We can easily identify and differentiate these two approaches to the same subject of animal portraiture animals in the brushes of George Stubbs, the most prominent artist of the subject in the earlier period and Edwin Henry Landseer, who on the other hand, focuses on the mood and feeling of the subjects.
Plenty of examples of animal painting can be found in sixteenth and seventeenth century Flemish art, already in classical subjects that included animals interacting with people, like The Fall of Phaeton by Peter Paul Rubens. His wildly swinging horses may be influenced by battle scenes painted in the Renaissance by the great masters Leonardo da Vinci, Michelangelo and Raphael. Jan Eyck has his own version of The Fall of Phaeton, probably under the same influence, and different in terms of execution of the subject, but not in terms of the treatment of the animal itself in the context of the painting.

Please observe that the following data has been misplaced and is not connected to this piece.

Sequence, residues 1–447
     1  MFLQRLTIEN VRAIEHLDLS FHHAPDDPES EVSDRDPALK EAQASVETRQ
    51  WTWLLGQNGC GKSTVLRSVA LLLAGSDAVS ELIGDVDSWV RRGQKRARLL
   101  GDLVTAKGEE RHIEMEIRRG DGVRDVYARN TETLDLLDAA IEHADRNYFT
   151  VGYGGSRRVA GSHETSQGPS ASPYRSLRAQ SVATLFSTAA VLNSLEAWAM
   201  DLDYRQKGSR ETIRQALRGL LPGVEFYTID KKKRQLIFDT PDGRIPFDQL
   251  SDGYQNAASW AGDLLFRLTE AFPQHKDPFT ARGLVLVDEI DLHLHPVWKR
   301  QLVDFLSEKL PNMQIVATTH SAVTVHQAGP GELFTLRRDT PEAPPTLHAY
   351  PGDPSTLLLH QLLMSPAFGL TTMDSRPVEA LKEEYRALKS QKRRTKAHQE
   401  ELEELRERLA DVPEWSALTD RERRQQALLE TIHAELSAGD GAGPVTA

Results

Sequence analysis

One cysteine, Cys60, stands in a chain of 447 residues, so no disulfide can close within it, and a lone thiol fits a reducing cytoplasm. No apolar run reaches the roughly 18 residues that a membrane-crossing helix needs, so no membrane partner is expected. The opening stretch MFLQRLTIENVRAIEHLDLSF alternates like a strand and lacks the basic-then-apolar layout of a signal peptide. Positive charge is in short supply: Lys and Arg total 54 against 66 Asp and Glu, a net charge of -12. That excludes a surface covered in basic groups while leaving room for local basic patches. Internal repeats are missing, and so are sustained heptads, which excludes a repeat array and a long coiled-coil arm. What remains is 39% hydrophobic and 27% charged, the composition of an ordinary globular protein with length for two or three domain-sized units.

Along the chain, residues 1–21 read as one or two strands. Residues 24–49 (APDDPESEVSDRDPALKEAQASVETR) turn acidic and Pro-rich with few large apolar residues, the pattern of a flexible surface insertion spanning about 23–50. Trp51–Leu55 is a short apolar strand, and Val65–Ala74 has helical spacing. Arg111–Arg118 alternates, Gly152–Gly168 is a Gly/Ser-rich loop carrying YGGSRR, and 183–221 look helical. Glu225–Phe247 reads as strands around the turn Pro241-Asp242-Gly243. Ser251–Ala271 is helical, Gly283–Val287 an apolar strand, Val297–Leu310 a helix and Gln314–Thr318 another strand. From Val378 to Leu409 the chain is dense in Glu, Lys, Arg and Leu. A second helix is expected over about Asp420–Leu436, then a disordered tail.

On the other hand, Jan Wyck painted dogs and horses alone, but still in an unemotional way most of the times, not quite going all the way through the psychology of the animal in any occasion, like in his Grey Arab Stallion In A Landscape, a profile of the horse in a bucolic landscape with... [continues]
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